The International Cable Protection Committee (ICPC) calls on governments and industry to facilitate and expedite the deployment, operation, and repair of submarine fibre optic cables during the COVID-19 pandemic in order to protect increasingly important broadband Internet connectivity and the governance, health, education, and commerce activities that depend on such connectivity, the company said.
Submarine cables are critical Internet infrastructure. Even before the pandemic started, submarine cables (not satellites) carried approximately 99% of the world´s Internet, voice, and data traffic, including backhaul of mobile network traffic and data for credit card and electronic payments. Governments have therefore been long treating submarine cables as critical infrastructure.
Continuing installation and repair during the pandemic are vital. Submarine cables have now assumed even greater importance for governments, businesses, educational institutions, and individuals and families by supporting electronic and online engagement that help minimise disease exposure and transmission, including:
Communication of government policies and public health information for COVID-19;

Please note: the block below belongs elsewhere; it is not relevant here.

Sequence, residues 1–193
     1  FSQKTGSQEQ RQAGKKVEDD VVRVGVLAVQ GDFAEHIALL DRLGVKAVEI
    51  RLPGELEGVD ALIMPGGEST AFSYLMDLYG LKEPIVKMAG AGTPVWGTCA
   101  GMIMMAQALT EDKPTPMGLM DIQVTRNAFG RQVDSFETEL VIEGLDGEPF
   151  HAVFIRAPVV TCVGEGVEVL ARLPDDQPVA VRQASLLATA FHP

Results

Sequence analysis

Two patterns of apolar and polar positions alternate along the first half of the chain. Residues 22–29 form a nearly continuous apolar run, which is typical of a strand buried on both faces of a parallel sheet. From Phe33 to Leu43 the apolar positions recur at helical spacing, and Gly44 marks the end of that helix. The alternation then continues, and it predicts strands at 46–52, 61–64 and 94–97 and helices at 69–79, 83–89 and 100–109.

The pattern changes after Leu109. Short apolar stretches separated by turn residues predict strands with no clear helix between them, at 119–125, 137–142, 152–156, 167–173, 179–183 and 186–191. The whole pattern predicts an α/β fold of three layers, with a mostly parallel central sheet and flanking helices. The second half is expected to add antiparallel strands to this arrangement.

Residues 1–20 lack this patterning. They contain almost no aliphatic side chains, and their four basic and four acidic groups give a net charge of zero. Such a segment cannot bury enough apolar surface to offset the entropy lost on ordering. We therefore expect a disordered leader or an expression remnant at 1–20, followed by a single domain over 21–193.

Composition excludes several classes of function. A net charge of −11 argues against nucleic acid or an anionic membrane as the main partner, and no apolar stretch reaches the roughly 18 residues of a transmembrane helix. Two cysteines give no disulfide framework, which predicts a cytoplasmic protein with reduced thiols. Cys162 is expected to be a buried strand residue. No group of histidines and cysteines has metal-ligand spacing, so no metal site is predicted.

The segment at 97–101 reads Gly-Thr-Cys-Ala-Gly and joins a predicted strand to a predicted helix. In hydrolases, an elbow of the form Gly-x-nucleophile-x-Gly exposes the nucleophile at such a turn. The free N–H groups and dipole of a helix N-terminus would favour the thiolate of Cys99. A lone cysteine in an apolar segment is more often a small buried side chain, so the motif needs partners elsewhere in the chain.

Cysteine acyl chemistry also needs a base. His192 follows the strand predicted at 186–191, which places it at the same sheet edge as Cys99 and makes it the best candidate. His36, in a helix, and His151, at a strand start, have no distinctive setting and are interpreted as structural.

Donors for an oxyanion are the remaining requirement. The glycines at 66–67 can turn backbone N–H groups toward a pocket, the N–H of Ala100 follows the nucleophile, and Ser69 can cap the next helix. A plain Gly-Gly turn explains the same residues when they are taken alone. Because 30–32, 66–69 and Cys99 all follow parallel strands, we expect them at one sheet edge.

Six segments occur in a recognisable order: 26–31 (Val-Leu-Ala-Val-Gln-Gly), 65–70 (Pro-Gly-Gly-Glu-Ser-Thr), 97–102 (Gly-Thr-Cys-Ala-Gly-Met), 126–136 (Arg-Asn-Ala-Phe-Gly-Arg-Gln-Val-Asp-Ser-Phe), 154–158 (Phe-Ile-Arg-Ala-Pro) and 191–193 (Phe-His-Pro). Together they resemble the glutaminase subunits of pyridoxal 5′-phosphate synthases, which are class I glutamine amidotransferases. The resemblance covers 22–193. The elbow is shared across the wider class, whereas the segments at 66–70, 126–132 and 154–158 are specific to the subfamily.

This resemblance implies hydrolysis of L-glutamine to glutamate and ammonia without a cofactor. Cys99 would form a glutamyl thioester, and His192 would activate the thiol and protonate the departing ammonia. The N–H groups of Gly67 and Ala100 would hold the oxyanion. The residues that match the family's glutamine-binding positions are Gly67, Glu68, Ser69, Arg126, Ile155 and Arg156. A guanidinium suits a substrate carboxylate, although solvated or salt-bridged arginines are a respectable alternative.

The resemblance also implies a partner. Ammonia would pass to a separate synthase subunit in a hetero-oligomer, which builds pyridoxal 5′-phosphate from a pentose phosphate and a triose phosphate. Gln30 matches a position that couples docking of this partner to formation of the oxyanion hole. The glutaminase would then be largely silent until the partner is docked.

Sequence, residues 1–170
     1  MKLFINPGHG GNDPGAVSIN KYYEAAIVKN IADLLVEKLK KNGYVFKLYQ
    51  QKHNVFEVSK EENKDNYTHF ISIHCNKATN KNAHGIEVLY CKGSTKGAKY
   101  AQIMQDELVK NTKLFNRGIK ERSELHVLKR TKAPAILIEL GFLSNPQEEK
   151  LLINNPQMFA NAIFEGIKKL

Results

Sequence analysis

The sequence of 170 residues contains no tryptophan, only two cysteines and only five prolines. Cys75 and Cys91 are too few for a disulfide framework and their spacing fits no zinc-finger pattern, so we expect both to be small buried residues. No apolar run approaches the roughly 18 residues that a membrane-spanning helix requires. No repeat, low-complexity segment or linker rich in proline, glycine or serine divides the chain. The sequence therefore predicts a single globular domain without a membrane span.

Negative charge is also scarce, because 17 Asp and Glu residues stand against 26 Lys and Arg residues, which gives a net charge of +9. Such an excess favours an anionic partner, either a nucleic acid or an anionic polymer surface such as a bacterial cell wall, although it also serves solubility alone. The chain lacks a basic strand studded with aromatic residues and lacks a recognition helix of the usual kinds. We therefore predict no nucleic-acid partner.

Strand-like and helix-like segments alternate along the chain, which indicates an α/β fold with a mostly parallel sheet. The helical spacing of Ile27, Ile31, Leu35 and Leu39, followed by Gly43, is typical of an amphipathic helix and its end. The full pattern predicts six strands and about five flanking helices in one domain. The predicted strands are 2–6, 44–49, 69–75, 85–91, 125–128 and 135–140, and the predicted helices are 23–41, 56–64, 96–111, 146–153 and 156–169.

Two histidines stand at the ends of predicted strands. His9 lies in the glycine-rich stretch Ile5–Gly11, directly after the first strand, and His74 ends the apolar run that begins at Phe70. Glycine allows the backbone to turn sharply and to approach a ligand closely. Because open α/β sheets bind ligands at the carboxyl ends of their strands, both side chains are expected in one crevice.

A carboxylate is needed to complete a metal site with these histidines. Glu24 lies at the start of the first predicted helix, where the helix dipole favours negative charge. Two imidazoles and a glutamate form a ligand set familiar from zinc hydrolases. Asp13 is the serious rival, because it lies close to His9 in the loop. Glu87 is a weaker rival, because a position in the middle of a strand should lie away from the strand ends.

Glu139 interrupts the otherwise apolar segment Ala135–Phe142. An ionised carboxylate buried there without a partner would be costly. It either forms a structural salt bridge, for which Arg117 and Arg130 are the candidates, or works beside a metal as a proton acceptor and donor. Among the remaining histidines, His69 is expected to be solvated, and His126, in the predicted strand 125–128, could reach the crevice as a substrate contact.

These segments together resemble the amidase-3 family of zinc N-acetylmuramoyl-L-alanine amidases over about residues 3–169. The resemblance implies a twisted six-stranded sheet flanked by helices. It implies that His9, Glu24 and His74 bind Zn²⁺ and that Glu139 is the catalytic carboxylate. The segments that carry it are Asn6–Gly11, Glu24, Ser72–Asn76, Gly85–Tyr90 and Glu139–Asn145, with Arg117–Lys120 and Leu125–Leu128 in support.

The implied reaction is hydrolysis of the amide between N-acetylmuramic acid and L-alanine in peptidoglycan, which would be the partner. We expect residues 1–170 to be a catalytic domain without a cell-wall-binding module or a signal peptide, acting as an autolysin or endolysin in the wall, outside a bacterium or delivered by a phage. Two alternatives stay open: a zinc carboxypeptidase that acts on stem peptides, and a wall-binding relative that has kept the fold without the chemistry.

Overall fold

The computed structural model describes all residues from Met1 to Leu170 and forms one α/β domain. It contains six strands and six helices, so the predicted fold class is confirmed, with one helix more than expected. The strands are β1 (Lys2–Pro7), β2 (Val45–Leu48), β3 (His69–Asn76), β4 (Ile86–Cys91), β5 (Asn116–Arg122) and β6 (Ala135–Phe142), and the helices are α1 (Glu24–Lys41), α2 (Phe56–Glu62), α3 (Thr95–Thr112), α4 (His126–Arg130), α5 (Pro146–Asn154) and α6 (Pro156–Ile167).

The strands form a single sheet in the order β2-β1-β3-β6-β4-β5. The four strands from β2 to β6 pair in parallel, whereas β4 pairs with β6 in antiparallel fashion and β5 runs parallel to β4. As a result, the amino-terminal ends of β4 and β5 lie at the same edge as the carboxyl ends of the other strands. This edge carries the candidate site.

Telework and online meetings for business and government agency personnel, particularly video conferencing;
Electronic commerce, for online purchases for sustenance, medicine, and critical supplies
Tele-medicine for COVID-19 and other health issues;
Tele-education while school and university campuses remain closed;
Communications with family members and friends by voice, video, photos, and messages;
Entertainment to ease the stresses of home quarantine and self-isolation.
The ICPC estimates that Internet traffic has increased between 25% and 50%, depending on geographic region, since November 2019, and will surely increase further. Speedy repair of existing submarine cables (which are most commonly damaged by ship anchors and fishing nets) and construction of new submarine cables to meet massive increases in Internet traffic are necessary to avoid service disruption, degradation, and slower speeds–which would impair government, health, education, and commerce activities.
The International Cable Protection Committee was formed in 1958 and its primary goal is to promote the safeguarding of international submarine cables against man-made and natural hazards. The organisation provides a forum for the exchange of technical, legal and environmental information about submarine cables and, with over 180 Members from over 60 nations, including cable operators, owners, manufacturers, industry service providers, as well as governments.